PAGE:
In a transmission having a separate reverse gear, the epicyclic ratio is chosen such that geared neutral is achieved towards the upper end of the variator ratio range, for example at a variator ratio of -1.5. The ratio of the reverse gearing may either be the same as that of the low regime forward gearing, giving the same maximum speed in reverse as in low regime forward, or it may be different. For example, the ratio of the gearing 9 may be -0.91, and the ratio of the gearing 13 may be +1.36. In this example, synchronous change can be achieved with an epicyclic having a ratio of 2.5
N.sub.A N.sub.C =0
(where NA is the speed of rotation of the annulus, NS is the speed of rotation of the sun gear and NC is the speed of rotation of the planet carrier) and high regime gearing 10 having a ratio of +1.11. Synchronous change can then be made at a variator ratio of -0.37, corresponding to a final drive ratio of 0.411. If the variator has a maximum ratio of -1.5, this will give a final drive ratio of 1.66 in high regime. It should be noted that in this example, the epicyclic has a compound planet gear system. This is necessary to achieve the desired positive basic ratio.
FIG. 2 is a graph showing the relationship between the final drive ratio and and the variator transmission ratio through reverse, low regime and high regime in the embodiment described above. It will be seen that at the change between low and high regime, the variator ratio remains substantially constant, giving a smooth synchronous change.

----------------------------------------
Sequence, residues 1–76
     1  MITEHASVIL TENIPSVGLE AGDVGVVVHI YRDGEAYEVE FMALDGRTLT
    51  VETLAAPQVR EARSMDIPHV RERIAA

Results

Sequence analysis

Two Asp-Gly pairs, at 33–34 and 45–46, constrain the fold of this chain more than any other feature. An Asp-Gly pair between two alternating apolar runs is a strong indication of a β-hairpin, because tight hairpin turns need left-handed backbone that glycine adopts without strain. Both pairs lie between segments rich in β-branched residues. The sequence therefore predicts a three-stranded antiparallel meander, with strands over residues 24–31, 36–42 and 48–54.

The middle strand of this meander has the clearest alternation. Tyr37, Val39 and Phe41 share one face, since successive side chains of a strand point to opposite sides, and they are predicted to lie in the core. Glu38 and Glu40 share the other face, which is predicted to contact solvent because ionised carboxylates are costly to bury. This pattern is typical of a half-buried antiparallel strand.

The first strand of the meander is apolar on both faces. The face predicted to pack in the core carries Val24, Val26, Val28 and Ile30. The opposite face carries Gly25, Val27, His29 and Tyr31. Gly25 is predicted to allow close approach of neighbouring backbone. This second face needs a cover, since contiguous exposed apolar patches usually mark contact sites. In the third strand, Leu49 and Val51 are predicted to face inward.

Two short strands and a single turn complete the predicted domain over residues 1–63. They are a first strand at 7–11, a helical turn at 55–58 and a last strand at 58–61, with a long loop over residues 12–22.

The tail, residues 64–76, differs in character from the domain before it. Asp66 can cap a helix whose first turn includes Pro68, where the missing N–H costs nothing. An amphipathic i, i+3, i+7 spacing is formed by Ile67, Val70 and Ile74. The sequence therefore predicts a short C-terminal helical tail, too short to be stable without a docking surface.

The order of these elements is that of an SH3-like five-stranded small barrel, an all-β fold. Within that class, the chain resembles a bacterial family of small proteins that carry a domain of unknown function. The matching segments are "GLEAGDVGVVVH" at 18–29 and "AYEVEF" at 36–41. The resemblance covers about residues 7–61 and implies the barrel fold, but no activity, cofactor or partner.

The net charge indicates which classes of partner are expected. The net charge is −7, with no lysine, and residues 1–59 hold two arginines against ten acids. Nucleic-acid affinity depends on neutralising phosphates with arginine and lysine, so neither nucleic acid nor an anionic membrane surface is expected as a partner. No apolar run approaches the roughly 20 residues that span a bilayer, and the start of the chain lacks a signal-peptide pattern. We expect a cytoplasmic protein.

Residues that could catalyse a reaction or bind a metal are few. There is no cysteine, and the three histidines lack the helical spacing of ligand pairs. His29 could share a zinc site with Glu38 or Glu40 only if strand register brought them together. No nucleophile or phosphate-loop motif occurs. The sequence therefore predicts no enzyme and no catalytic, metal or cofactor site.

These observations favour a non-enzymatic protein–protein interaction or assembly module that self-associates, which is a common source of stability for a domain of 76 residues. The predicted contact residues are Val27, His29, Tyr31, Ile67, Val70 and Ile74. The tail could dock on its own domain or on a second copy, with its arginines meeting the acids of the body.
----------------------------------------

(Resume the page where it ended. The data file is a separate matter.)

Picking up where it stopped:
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|Citing Patent||Filing date||Publication date||Applicant||Title|
|US4768398 *||Dec 7, 1987||Sep 6, 1988||Leyland Vehicles Limited||Continuously-variable transmission|
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|WO2001061211A2 *||Feb 16, 2001||Aug 23, 2001||Legrande Brian Boyette||Infinitely and continuously variable transmission|
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|WO2001061213A2 *||Feb 20, 2001||Aug 23, 2001||Legrande Brian Boyette||Infinitely and continuously variable transmission|
|WO2001061213A3 *||Feb 20, 2001||Jan 17, 2002||Legrande Brian Boyette||Infinitely and continuously variable transmission|
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|WO2012145838A1 *||Apr 26, 2012||Nov 1, 2012||Transmission Cvtcorp Inc.||Drivetrain provided with a cvt|
|U.S. Classification||475/216, 74/377, 475/218|
|International Classification||F16H3/72, F16H37/02, F16H37/08|
|Cooperative Classification||Y10T74/19488, F16H37/084, F16H2037/088|
|Nov 18, 1985||AS||Assignment|
Owner name: LEYLAND VEHICLES LIMITED, LANCASTER HOUSE, LEYLAND
Free format text: ASSIGNMENT OF ASSIGNORS INTEREST.;ASSIGNOR:GREENWOOD, C. J.;REEL/FRAME:004485/0621
Effective date: 19851107
|Oct 29, 1990||FPAY||Fee payment|
Year of fee payment: 4
|Aug 11, 1992||AS||Assignment|
Owner name: BRITISH TECHNOLOGY GROUP LIMITED, ENGLAND
Free format text: ASSIGNMENT OF ASSIGNORS INTEREST.;ASSIGNOR:NATIONAL RESEARCH DEVELOPMENT CORPORATION;REEL/FRAME:006243/0136
Effective date: 19920709
|Dec 13, 1994||REMI||Maintenance fee reminder mailed|
|May 7, 1995||LAPS||Lapse for failure to pay maintenance fees|
|Jul 18, 1995||FP||Expired due to failure to pay maintenance fee|
Effective date: 19950510